from The American Heritage® Dictionary of the English Language, 5th Edition.
- noun plural The cast-off skins or coverings of various organisms, such as the shells of crabs or the external coverings of the larvae and nymphs of insects.
from The Century Dictionary.
- Cast-off skins, shells, or other coverings of animals; any parts of animals which are shed or sloughed off, as the skins of caterpillars, the shells of lobsters, the cuticle of snakes, the feathers of birds.
- Skins of animals artificially removed and prepared for preservation.
from the GNU version of the Collaborative International Dictionary of English.
- noun plural (Zoöl) Cast skins, shells, or coverings of animals; any parts of animals which are shed or cast off, as the skins of snakes, the shells of lobsters, etc.
- noun plural (Geol.) The fossil shells and other remains which animals have left in the strata of the earth.
from Wiktionary, Creative Commons Attribution/Share-Alike License.
- noun Plural form of
- noun The
coveringsof an animalthat have been shedor castoff, particularly the molted exoskeletonsof arthropods.
- noun history Roman military term for weaponry and equipment stripped from the person of a foe;
from WordNet 3.0 Copyright 2006 by Princeton University. All rights reserved.
- noun cast-off skins or coverings of various organisms during ecdysis
from The American Heritage® Dictionary of the English Language, 4th Edition
from Wiktionary, Creative Commons Attribution/Share-Alike License
If I understand what was being said correctly, then "exuviae" classical meaning - armour stripped from a dead enemy, or skin taken from or shed by an animal is correctly a plural term that is used as a singular, in the same way that English speakers say "I take off my clothes" and never "I take off my cloth".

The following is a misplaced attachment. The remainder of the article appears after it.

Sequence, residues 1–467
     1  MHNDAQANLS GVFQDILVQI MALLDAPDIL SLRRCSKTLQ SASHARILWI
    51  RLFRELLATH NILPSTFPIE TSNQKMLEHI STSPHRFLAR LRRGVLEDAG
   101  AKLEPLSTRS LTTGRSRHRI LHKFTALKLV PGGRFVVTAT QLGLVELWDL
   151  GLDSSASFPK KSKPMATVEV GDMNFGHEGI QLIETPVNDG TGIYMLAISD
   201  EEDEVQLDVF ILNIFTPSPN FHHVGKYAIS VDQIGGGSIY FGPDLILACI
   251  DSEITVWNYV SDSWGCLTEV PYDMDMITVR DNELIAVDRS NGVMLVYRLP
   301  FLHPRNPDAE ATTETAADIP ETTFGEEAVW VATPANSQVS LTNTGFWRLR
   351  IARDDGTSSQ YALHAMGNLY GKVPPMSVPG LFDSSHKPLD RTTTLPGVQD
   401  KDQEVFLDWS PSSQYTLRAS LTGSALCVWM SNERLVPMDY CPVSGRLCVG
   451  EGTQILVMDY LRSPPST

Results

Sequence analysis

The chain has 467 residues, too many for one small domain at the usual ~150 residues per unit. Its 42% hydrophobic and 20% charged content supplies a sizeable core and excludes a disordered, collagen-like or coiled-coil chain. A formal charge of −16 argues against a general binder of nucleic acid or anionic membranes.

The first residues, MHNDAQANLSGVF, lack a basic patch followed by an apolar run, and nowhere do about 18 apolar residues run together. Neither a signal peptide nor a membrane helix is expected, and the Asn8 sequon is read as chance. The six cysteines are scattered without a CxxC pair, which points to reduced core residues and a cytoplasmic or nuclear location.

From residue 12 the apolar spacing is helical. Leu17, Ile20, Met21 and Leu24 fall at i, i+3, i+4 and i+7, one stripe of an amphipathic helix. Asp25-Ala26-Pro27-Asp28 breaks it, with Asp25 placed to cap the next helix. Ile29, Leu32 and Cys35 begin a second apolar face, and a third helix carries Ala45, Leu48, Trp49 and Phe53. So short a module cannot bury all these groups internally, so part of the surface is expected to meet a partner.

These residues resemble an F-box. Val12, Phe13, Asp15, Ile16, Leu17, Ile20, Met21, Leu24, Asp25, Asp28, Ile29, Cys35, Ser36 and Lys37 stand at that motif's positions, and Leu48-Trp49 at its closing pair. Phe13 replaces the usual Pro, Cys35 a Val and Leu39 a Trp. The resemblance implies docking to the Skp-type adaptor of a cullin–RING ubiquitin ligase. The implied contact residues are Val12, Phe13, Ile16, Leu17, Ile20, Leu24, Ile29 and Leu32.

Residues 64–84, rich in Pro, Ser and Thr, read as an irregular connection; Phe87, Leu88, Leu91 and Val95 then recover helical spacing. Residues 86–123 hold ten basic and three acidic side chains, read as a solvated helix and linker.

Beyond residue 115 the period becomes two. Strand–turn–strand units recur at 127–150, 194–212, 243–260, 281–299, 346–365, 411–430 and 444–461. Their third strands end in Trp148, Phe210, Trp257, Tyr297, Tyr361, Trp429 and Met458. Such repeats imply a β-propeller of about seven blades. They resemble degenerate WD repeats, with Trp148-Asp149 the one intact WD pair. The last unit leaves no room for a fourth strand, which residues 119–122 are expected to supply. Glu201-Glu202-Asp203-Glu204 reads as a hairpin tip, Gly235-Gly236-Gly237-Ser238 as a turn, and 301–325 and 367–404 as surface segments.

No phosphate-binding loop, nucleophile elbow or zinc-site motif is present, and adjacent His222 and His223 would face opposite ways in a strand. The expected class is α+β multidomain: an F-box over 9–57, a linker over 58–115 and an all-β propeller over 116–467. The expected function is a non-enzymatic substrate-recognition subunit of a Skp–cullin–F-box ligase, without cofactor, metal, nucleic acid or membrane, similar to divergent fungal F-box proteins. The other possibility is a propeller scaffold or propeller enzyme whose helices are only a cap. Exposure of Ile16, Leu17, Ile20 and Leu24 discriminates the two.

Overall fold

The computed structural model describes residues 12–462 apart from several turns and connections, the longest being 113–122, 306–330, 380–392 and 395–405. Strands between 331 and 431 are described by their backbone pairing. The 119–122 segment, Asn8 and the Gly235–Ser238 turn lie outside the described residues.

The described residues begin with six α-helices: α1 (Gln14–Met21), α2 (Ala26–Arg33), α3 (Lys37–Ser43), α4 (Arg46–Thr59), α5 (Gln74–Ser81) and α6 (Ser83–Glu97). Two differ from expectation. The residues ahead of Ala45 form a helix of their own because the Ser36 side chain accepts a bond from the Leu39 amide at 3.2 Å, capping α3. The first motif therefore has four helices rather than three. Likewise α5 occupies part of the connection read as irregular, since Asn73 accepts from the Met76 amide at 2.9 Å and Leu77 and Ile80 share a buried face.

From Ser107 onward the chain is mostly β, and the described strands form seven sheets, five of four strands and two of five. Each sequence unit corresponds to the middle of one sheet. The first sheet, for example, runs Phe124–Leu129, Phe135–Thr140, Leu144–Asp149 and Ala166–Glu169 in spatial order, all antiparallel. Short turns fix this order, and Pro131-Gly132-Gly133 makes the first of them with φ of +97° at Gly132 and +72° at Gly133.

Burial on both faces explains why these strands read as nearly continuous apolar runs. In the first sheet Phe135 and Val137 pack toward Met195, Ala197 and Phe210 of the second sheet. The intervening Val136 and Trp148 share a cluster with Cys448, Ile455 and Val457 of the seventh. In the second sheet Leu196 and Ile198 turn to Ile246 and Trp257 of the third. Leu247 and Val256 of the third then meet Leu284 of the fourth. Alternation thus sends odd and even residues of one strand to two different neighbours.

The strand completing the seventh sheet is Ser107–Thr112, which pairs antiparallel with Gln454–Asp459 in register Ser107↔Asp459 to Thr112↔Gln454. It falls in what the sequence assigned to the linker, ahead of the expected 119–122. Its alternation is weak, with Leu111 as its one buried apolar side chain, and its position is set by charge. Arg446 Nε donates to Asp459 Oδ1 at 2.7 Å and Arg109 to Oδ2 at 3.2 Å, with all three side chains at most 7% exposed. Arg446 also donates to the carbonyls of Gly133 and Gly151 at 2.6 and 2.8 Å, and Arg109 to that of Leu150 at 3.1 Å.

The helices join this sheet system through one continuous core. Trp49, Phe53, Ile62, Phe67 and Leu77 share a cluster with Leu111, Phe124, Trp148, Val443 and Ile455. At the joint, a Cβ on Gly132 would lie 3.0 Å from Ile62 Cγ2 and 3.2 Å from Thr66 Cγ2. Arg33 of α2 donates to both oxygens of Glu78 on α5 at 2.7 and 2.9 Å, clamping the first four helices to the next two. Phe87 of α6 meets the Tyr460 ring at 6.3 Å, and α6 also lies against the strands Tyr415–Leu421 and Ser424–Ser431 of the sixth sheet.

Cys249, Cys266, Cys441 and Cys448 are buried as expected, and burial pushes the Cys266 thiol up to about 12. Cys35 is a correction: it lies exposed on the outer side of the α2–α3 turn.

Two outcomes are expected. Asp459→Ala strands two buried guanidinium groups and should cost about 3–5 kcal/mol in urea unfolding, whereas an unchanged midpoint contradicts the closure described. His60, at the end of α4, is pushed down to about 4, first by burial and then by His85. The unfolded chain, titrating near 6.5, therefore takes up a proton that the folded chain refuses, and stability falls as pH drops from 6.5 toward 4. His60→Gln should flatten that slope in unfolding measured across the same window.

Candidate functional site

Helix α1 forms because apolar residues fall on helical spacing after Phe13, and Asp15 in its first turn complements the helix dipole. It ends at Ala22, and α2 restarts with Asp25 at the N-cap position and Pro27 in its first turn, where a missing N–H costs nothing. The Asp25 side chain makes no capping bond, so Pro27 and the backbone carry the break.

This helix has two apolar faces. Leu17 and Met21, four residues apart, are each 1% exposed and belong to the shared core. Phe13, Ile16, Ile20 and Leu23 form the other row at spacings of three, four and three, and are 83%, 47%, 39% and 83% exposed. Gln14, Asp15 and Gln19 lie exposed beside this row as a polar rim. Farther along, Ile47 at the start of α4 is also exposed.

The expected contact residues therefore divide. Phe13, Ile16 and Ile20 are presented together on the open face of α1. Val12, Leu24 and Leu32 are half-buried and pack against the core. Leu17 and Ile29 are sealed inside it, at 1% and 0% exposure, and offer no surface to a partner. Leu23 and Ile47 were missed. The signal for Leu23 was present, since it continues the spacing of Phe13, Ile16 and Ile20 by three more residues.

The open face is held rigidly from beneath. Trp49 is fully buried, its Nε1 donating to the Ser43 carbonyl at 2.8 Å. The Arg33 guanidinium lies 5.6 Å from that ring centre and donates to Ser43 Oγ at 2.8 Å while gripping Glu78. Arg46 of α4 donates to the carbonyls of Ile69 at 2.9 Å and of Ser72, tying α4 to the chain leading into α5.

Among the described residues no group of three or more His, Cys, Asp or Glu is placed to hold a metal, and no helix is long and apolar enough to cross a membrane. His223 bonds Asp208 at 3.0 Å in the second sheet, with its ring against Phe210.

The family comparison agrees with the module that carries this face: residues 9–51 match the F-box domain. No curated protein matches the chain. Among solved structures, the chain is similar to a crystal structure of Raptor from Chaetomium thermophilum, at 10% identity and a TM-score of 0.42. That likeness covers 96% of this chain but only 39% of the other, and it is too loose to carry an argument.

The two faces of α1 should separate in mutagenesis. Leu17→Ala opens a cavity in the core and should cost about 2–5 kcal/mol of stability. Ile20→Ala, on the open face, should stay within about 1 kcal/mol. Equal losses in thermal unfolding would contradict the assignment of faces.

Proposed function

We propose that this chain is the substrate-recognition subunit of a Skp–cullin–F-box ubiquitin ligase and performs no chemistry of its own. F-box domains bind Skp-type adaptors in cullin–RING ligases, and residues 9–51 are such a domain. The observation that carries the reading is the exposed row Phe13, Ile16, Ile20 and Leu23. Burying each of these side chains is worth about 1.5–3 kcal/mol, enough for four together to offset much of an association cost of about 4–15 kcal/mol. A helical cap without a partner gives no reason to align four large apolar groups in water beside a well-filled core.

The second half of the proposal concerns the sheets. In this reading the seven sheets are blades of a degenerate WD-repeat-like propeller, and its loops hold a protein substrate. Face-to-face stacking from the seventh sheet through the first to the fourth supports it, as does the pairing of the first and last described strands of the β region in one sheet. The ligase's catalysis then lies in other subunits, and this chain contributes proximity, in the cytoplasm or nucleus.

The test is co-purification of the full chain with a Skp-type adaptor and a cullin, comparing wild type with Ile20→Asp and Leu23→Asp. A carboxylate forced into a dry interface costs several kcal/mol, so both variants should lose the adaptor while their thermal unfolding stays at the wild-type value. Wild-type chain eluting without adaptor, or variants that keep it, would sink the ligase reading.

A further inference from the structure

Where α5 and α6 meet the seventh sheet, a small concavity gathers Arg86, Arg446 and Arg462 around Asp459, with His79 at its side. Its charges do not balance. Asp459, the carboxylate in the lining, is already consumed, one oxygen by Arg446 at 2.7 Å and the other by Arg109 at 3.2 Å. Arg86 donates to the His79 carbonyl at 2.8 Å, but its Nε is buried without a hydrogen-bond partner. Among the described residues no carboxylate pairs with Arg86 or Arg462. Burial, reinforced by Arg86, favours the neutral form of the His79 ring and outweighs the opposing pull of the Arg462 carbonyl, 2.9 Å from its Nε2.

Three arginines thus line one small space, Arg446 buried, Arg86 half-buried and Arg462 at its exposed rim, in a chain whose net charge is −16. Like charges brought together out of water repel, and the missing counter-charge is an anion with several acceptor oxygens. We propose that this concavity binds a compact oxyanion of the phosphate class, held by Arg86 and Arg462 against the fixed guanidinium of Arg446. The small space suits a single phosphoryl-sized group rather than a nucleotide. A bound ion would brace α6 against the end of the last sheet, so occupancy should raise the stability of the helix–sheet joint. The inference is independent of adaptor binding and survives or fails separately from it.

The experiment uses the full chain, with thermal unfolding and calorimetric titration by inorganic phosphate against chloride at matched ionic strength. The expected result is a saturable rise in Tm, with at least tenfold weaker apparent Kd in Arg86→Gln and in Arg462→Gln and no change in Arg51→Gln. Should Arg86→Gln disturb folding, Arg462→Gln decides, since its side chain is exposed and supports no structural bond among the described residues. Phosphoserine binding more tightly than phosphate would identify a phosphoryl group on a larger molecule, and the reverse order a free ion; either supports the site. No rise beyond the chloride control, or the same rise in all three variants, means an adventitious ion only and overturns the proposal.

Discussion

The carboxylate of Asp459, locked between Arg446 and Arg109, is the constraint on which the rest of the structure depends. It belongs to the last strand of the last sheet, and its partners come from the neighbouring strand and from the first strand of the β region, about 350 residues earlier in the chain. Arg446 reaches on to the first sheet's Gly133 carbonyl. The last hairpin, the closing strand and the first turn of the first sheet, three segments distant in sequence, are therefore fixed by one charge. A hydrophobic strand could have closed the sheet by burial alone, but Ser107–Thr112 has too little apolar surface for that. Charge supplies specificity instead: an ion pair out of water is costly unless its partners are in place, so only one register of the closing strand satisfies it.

Just out of exuviae, wings still folded, photo OK but not great.
While the body of the poem often stands in for the body of the poet, acting as a surrogate for the experience of such a biography, the body of the text in this case has gone missing, leaving behind only the exuviae of the work itself — the set of afterthoughts found in annotations and digressions, allegedly presented after the fact by experts, who have prepared this text for scholastic discussion.
I saw these exuviae* of cicadas last nite underneath one of the branches of a large pine tree I have in my backyard.
SNAIL'S TALES: Parade of cicada exuviae skip to main
Now, throughout the greater part of this long series of stratified rocks are scattered, sometimes very abundantly, multitudes of organic remains, the fossilized exuviae of animals and plants which lived and died while the mud of which the rocks are formed was yet soft ooze, and could receive and bury them.
The rarity of human intrusion was evidenced by the mazes of rabbit-runs, the feathers of shy birds, the exuviae of reptiles; as also by the well-worn paths of squirrels down the sides of trunks, and thence horizontally away.
Its throes will heave our exuviae from their graves.
Again, at each epoch, the whole earth was no doubt, as now, more or less the theatre of life, and as the successive generations of each species died, their exuviae and preservable parts would be deposited over every portion of the then existing seas and oceans, which we have reason for supposing to have been more, rather than less, extensive than at present.
In short, he imitated the serpents, who cast off their exuviae, that, being stripped of their old age, they may gather new strength.